Jesus asks the disciples to place the same trust in Him as they do in God. Complete, total and absolute trust. When He sent them out in His name earlier in their time together, the disciples cast out demons and healed the sick just at the power of His Name. This was not a new concept to them. Everything in the following chapters was reminding them of what they already not only knew, but already walked in.
He puts an eternal perspective on things, reminding them that this World is not their final destination, but a stop along the way to His Father's House where a dwelling place waits for them. The King James edition describes it as "mansions". Whatever form the dwelling place takes, the important thing for perspective is that it is with god and Jesus whatever happens here on Earth. He reminds them that He is going ahead to prepare their (and our) places for them.
I tend to lose sight of that perspective when a crisis hits.
In the 30 years I've been a Christian there have only been a couple of times when I've kept the perspective Jesus wants us to keep as the waves broke during the storm. I'm forgiven, not perfect. We all are.
It's more than important that we remember that. It's vital to being able to keep our feet in the storm crises that hit us all too regularly.
With my second relationship the crisis was life-threatening illness. I lost perspective and could only see the injustice of the issue. The resulting insensitivity I showed drove her away and I resented her for that for a long time because I couldn't see with the right perspective to offer what she needed her partner - fiance at the time - should have offered.
Perspective defuses anger instantly. I didn't have a handle on that then. I couldn't see the perspective I needed to have because I was unable to take a breath.
I'm still impulsive. I still get angry - very angry. So angry it threatens to consume me sometimes. It has an impact on my marriage so I'm seeing a therapist to get a grip on it.
He asked me if I remember the story of the man at the pool that Jesus asks if he wants to be well. I've heard people speak on that passage. I've taught on it myself.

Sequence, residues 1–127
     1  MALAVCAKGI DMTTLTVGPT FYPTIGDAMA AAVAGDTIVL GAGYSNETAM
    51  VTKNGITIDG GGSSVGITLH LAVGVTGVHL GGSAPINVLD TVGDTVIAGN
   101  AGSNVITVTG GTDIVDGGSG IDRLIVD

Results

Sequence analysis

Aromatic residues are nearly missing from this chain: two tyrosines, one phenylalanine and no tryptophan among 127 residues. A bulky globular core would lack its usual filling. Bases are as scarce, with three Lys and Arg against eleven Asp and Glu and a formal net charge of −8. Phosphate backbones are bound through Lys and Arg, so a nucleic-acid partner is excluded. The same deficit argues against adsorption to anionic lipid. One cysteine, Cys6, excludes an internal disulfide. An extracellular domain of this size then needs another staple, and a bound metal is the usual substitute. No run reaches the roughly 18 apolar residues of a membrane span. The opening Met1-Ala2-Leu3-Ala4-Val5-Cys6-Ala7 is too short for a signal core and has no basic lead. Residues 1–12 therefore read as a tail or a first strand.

It's the first time anyone put my shortcomings in the spotlight of that perspective. And I got angry. Then I was finally able to ask myself why.
My anger is born out of pain, and a deep desire to avoid it at all costs. The irony is that avoiding that pain by embracing anger actually causes more pain than it solves.
I like Thomas in this chapter. He asks a question and isn't rebuked. Not every question gets a rebuke for faithlessness from Jesus. Mary asked how she could have a child since she was a virgin and the angel explained. Zechariah asked how it could be possible he would be a father and was rebuked by being struck dumb because of how they asked. Or rather because of the state of their heart when they asked. Thomas, here, asks from the place of not doubt, but seeking instruction - a teachable spirit. And Jesus responds by teaching him. He's asking how he can get the perspective Jesus is talking about. What does he need to do to gain the offer Jesus is giving them. There's no doubt of the sincerity of Jesus's offer here, just a man wanting to receive the offer.
This passage, more than any other, should put to death any notion of all religions worshipping the same deity. "Jesus said to him, “I am the [only] Way [to God] and the [real] Truth and the [real] Life; no one comes to the Father but through Me." The only Way to God.
It again comes to the point of perspective. Once we accept that Jesus is the only route to relationship with God we can move on in confidence and get away from (in my case) the anger holding us back - or whatever it is that blinds us to what God is offering through Jesus.
Look through a telescope and it enlarges whatever you point it at. Turn it round and it shrinks it. We live our lives with the telescope backwards - especially in Westernised cultures. We focus on the problem right in front of us, not the possibility that God is and has the solution to it.
Turn the scope around. It's not easy, but it's always possible.
Get God's perspective.